Effects of snus administration on sport performance
Stimulants are banned in competition by the World Anti-Doping Agency, except for nicotine. Psychoactive substance as nicotine is widely reported to increase alertness, improve coordination and enhance cognitive performance.
In healthy humans nicotine administration increases heart rate and blood pressure. Plasma nicotine concentrations improve anaerobic energy production and suggest a nicotine-induced sympathetic stimulation of the heart. Nicotine has been placed on WADA's 2013 Monitoring Program in order
to detect potential patterns of abuse. Smokeless tobacco is a blanket term that refers to a number of tobacco products that are used by means other than smoking. Snus is a smokeless tobacco consumed orally, which has a long tradition of use that, is widespread in North America and Scandinavian countries. It is typically placed between the upper lip and the gum, toward the front of the mouth, for approximately 30min before it is discarded. Recently, some studies on snus in competitive events showed a high use among athletes mostly in a winter sporting environment. The aim of this study is to investigate the snus effects on sport performance. In the first year we will investigate the effects of snus in an aerobic performance by an exercise intensity nearly 80% VO2max until exhaustion correlated with the perception of effort and time to exhaustion along with a range of physiological parameters. In the second and third year the aim is to investigate the effect of snus on high-intensity exercise by on a, short-term high-intensity cycling test, (Wingate) using trained athletes. If results will show a snus effect of increasing time to exhaustion, reduced perception of effort and increase anaerobic performance, an informed decision on the potential doping of nicotine will be done. WADA could consider to include nicotine in Prohibited List of Substances and Methods, prohibited in-competition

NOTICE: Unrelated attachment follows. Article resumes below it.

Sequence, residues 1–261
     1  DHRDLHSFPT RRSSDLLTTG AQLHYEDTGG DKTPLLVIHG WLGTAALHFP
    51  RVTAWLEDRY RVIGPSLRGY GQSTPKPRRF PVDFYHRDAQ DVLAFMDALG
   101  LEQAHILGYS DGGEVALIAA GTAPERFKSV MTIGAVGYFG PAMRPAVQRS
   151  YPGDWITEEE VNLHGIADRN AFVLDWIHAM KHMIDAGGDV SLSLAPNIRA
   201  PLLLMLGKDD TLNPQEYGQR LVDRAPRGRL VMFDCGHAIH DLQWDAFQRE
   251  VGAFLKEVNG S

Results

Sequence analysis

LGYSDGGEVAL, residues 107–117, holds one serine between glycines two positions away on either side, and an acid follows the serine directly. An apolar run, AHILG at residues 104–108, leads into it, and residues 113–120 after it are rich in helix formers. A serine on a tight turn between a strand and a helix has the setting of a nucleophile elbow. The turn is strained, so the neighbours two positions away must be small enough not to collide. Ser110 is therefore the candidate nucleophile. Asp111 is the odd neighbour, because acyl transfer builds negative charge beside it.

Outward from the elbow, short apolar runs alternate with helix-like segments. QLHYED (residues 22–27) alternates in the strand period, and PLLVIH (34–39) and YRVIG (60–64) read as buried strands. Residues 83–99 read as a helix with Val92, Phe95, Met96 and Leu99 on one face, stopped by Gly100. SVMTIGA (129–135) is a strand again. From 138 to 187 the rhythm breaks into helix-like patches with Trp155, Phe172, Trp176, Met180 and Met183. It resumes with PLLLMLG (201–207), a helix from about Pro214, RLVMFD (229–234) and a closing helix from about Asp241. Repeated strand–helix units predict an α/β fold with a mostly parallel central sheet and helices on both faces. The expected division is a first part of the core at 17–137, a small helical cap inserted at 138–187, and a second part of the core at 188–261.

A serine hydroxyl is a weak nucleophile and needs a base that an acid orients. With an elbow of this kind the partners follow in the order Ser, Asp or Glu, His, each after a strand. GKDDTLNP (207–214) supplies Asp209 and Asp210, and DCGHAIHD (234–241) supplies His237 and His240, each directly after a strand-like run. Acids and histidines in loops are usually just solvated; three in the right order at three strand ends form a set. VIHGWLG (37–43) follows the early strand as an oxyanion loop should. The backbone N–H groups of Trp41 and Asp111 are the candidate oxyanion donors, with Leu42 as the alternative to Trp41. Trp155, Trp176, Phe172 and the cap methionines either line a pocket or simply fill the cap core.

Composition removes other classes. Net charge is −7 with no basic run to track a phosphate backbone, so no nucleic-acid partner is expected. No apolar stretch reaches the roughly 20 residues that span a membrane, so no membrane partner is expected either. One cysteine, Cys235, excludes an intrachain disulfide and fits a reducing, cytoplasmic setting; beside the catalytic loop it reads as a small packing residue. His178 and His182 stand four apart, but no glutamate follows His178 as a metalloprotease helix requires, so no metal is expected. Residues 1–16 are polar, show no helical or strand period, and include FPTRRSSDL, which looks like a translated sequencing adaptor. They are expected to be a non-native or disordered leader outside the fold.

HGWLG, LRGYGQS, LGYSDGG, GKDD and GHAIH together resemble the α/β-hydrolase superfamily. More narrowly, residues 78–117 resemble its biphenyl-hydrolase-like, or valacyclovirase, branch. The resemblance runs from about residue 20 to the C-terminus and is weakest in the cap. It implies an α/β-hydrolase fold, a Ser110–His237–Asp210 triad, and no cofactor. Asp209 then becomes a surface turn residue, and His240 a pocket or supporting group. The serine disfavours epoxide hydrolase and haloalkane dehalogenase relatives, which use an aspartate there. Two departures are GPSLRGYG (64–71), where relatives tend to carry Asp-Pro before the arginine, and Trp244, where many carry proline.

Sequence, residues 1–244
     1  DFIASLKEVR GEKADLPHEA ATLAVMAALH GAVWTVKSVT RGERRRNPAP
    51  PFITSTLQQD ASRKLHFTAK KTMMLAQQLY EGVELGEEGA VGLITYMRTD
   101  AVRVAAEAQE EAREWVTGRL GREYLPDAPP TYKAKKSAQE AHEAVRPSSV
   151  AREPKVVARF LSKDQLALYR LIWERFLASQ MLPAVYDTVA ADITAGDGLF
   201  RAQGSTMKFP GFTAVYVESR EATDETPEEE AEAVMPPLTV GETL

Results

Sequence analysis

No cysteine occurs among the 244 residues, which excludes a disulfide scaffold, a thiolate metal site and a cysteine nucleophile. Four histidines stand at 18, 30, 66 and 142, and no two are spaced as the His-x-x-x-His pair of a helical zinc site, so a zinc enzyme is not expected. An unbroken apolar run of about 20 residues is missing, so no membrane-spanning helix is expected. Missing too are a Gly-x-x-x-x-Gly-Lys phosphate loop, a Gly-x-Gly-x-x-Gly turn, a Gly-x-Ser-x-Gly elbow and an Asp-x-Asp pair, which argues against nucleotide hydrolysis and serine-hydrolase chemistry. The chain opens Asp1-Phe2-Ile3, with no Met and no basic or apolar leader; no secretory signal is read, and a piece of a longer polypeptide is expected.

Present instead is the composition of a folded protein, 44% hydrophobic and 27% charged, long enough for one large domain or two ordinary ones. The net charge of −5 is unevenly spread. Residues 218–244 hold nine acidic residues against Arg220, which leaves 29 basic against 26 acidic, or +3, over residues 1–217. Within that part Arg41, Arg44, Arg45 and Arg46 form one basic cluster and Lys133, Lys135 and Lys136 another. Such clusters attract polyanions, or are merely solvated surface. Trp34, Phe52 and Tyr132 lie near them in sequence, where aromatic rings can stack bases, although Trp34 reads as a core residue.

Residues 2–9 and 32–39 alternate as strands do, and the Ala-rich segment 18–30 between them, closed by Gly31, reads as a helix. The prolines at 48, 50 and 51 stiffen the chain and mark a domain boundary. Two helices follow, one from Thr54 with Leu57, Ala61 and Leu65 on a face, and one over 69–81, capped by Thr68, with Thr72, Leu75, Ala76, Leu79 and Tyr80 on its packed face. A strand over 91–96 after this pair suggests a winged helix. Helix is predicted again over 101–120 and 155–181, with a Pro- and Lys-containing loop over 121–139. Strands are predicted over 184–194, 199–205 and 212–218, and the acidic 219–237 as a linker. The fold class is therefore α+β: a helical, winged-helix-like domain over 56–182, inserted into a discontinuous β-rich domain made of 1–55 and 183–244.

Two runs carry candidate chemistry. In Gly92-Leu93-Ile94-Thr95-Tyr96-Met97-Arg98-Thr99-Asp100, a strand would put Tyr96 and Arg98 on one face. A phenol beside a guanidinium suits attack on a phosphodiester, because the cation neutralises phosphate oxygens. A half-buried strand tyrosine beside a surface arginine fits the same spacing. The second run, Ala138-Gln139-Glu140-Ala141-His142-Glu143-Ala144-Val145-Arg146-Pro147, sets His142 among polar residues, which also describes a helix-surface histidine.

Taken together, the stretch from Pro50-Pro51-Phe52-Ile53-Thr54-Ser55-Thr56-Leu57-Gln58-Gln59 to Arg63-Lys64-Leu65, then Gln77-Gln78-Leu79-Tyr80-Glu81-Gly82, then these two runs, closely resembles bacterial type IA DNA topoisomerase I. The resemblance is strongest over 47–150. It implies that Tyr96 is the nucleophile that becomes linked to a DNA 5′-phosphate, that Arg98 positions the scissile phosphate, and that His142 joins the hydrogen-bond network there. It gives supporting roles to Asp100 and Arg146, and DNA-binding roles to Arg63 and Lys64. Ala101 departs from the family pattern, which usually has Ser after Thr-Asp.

Snus is a smokeless, orally consumed tobacco, traditionally produced and used in Sweden and in Scandinavian countries. Analytical chemistry studies showed an increase of nicotine use in athletes practicing different sports. Nicotine has also several physiological effects on heart and on the vascular system. This effect influence sport performances and exercise capacity.
The purpose of this study was to investigate the snus effects on aerobic performance (80% VO2max) during exercise until exhaustion and the perception of fatigue during abstinence (AC) and satiety condition (SC). We recruited 18 healthy male athletes daily snus users. The study was a double-blind cross-over design. Subjects were tested during three sessions on cycle-ergometer. Experimental session 1 (EXP1) consisted in maximal incremental exercise test (MIT) to determine the VO2max. EXP2 and EXP3 consisted in exercise, after 25 min from snus administration, at 80% VO2max until exhaustion (TTE) under AC and SC conditions. During the tests, muscle and cerebral oxygenation was recorded by means of NIRS (near-infrared spectroscopy) and the global rating of perceived exertion (RPE). We measured, non-invasively the dynamic response of tissue O2 saturation (Ox%) on tight muscle by a vascular occlusion test (VOT).
Nicotine and cotinine analysis confirmed the different initial conditions (AC vs. SC). We found a significant increase (+13.1%) in TTE (24.1 ± 10.7 min; means ± SD during AC session; 20.9 ± 8.0 min during SC session; means ± SD, P = 0.0131). RPE values did not significantly change during exercise. We found significant differences in the oxygenation of the cerebral and muscular tissues at rest (T0) and over VOT. Interestingly, our data showed significant differences in metabolic responses (VO2; VCO2; HR; VO2/HR) and in cardiovascular responses (SV; EJT) at baseline (T0). Our sample of athletes consumed 8.1 ± 4.0 (means ± SD) daily snus portions with a value of 5.9 ± 1.9 (means ± SD) of the Fagerstrom Test for Nicotine Dependence-Smokeless Tobacco (FTNDST).
The results of this project research showed that the increase of performance (+13.1% TTE) due to snus administration could be associated to the nicotine effects in order to keep the allostatic state. In conclusion, our study highlighted that athletes addicted to nicotine would use snus to maintain their nicotine level to “feel normal” in order to improve sport performance.